Elisa Camahort writes:
I’ve heard a lot of rumbling out there wondering where BlogHer ’09 will be. Well, just like last year, we’re going to poll the community. We included the below poll in the post-conference survey for attendees, but we want to make sure those of you who didn’t attend can also weigh in.
That’s right, the premiere event for women bloggers is asking you to help choose where BlogHer will be held in July of 2009. And I can’t think of any better spot than Portland.
- Portland is home to a number of phenomenal women bloggers
- Weather in July is pretty good
- Portland’s a great city for hosting these kinds of events
- Portland is home to a bunch of brilliant women bloggers
- And we’ve got some really talented women bloggers here, too
(Hat tip Jeff Martens)
I’m going to take a bit of a stand. Effective immediately, I will no longer comment on tech blogs that don’t support OpenID for comment authentication.
And I, for one, really respect his taking this stance. I think it’s these small, self-admittedly “mostly insignificant” kinds of actions that make things happen. The journey of 1000 miles and whatnot.
Aaron makes a strong argument for every blog pursuing its own OpenID login for comments:
OpenID is a win-win for blog comments. It’s a win for the comment author, since it means less info to type. It’s a win for the blog owner, since it means the comments have a “real” identity behind them.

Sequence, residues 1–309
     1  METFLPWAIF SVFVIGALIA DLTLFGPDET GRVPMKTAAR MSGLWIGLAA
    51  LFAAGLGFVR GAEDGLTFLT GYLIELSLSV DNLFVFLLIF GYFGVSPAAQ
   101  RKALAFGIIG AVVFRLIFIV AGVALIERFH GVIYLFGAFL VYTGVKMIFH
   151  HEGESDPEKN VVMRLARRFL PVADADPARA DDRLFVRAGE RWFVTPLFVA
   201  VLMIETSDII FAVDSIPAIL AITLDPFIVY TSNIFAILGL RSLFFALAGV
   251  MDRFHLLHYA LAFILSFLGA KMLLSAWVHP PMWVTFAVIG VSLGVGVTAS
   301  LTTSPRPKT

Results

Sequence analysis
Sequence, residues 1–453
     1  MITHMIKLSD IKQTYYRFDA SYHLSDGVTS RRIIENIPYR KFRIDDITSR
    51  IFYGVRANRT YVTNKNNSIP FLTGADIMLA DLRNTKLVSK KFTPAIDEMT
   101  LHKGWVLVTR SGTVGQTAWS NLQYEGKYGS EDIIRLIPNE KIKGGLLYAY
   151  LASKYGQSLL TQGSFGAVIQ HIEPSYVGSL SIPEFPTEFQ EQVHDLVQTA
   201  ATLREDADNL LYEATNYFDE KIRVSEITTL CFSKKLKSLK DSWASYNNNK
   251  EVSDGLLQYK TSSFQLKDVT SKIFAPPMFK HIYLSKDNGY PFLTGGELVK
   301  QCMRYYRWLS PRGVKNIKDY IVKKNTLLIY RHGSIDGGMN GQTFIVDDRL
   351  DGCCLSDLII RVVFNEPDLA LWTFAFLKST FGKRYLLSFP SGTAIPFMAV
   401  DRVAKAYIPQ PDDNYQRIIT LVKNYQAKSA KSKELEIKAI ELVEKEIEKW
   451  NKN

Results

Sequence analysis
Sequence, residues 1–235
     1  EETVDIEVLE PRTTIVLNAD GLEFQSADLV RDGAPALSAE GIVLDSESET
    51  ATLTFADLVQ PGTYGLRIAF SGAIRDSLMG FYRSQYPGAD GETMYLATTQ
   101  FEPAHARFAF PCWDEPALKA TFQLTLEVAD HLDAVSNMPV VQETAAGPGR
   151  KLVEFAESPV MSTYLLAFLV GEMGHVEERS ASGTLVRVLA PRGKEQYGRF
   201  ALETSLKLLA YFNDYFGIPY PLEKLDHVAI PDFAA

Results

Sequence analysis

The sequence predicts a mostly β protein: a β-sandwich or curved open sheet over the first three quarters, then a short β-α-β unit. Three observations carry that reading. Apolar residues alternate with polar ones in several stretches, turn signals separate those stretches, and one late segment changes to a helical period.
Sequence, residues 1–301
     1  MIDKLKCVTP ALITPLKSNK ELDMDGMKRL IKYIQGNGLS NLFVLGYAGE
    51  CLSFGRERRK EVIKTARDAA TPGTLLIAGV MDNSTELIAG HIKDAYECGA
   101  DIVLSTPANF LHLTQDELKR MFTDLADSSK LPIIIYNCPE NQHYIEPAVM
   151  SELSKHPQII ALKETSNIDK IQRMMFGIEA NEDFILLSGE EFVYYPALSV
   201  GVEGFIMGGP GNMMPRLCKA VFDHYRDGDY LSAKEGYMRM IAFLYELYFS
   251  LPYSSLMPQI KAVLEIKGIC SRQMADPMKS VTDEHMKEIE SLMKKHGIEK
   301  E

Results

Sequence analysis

I mean, if you really want to be part of the conversation, shouldn’t you make it as easy as possible for others to join in the conversation?
Of course you should. And OpenID can help you do that.
And you—as a Portlander or Silicon Forester—should be more than embracing OpenID. You should be singing its praises from the rooftops, if only to support great companies like Vidoop, ConfIdent, and JanRain who are the forefront of OpenID development.
OpenID is like the Portland Trail Blazers of technology around here. Only better. Like the ’76-’77 Blazers. That’s right. You know what I’m talking about. The plucky young upstarts who win despite all odds.
And OpenID has more than a fighting chance. But it still needs the support of each and every one of us.
But what if it’s a technical issue that’s preventing your adoption? (Like me, for instance. I wrangled my OpenID WordPress implementation for hours before Chris O’Rourke was able to pinpoint the issue and help me resolve the problem.)
Well, you don’t have that excuse anymore. Because Aaron has offered to help:
And I’ll put my time where my mouth is: I’ll help you. If you follow those links above, and can’t figure it out, or you try it and it doesn’t work. I’ll help. Send me an e-mail. I want you to have OpenID.
I’m looking forward to using my OpenID to comment on your blog the next time I swing by.
So where’s that benefit for you? Right here, tiger
In fact, how about this? Let’s round up a list of all the Silicon Forest based blogs and services that support OpenID.
If you’re one of them, use your OpenID to comment below.
I’ll work on gathering a comprehensive list for posting. And then we’ll work on promoting your blog or service for being one of the ones who’s supporting OpenID.
Just as a way—albeit minor—of saying “Thank you for using OpenID.”